“With the soft market from the early 2010s to 2018, it was an opportunity for most people to keep their powder dry and in most cases not try to do anything too dramatic,” he said. “And then with the Desil-10 project and the turn of the market over the last few years, people are now seeing the opportunity to step out of their comfort zone and be a little more entrepreneurial or a little more challenging. And some of that is flowing into the representative authority (DA) market. That’s great. “
Presenting a particularly interesting challenge for the Brexit sector, he said it was a lot of thinking about how to move the EU market forward, as implementation progresses. The big players pick their options early and tend to establish their own entity within Europe to handle the growing. DA Strategy opted for this approach, setting up DA Strategy Global in Hamburg to help MGAs who wanted to find a way to market without establishing a separate entity.
“It provides MGAs, especially those based in London and elsewhere in the UK, to give second underwriters a chance at DA Strategy Global to stay in an organization that has an EU license and is passported across the EU and then can underwrite that business,” said DA Strategy Global. So what we propose is the economics of scale offerings for those MGAs.
Currently, DA Strategy has received a handful of clients, but adding more clients to this offer will enable businesses to add substantial amounts to this model, allowing customers to deliver a package offer in front of them.
Rowley said it is an interesting mix of businesses that are interested in the benefits provided by DA Strategy Global. Generally speaking, they leaned towards small business, when they initially considered the effects of Brexit, perhaps because they did not feel ready to go to Europe because of their small scale or limited business. At the time, they did not see the business case for establishing a Brexit solution, he said, but they have reached a scale where it has become necessary.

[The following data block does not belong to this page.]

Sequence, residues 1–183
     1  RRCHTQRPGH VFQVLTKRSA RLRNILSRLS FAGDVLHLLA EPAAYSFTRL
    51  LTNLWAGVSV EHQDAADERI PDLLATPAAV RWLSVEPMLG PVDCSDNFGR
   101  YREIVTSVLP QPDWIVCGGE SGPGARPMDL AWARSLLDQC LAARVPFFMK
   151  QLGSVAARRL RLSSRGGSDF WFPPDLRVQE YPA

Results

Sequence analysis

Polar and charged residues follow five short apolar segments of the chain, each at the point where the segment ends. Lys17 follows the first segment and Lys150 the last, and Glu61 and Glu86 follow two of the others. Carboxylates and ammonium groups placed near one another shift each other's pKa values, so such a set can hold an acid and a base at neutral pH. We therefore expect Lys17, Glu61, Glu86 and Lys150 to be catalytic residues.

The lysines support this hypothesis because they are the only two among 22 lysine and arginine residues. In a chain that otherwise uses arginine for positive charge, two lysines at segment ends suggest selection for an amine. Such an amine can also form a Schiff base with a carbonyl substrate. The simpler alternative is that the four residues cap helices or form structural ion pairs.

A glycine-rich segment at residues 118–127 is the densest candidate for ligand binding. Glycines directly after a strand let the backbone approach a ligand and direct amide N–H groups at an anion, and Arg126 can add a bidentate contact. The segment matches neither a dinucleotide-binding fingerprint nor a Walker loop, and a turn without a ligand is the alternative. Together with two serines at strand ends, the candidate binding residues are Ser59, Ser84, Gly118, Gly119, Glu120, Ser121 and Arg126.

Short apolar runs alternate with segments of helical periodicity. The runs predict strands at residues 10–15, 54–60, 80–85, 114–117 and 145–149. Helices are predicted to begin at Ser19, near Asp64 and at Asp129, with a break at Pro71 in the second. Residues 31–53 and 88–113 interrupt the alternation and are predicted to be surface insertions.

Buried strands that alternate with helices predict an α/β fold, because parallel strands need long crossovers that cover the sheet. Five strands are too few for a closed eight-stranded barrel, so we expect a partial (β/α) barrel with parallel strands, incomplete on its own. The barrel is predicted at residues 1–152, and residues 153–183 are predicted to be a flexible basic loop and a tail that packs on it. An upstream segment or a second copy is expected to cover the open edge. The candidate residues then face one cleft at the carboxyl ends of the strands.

“[For many], It is too late to set up their own entity in an easy way, so they prefer to use the DA strategy model for access, ”he said. “So, usually it’s small sized companies. We had [several businesses] Come to us – we have one that is brand new to us and another that came to us very recently where a new team of them came on board that they didn’t have last year who want to write a significant proportion of EU business and they need a solution. So they saw the opportunity to go to Europe, and now want to access it.
This is an example of a range of businesses looking to access a Brexit-friendly solution, he said, a range of new businesses, small existing organizations that did not have the opportunity two years ago, and existing companies that have adopted new teams that want to access that portfolio. . For some of these businesses, there is an element of anticipation surrounding Brexit before choosing a solution. But the other side, he said, was the hunger for the ability to enter Europe. Many power-givers were hesitant to go to Europe through an entity that they were not sure would be there in the long run.
They thought ‘let’s be a little behind’, he said, but now that power givers and other players in the market are coming back to town to trade, there’s a more relaxed attitude. Now carriers are choosing to help companies that want to add a department to write European business, which is why MGAs are now opening that door.
Forward, Rowley predicts continued interest in market players seeking to enter the European market, especially as UK carriers are building up their vast portfolios in their open market, direct business.
“So I think, although the DA business and the DA market, instead of growing as they have for the last two decades, were quite flat in the first half of 2020 and 2021, now it’s starting to start again,” he said. . “And I think activity should flow through the demand for European access.”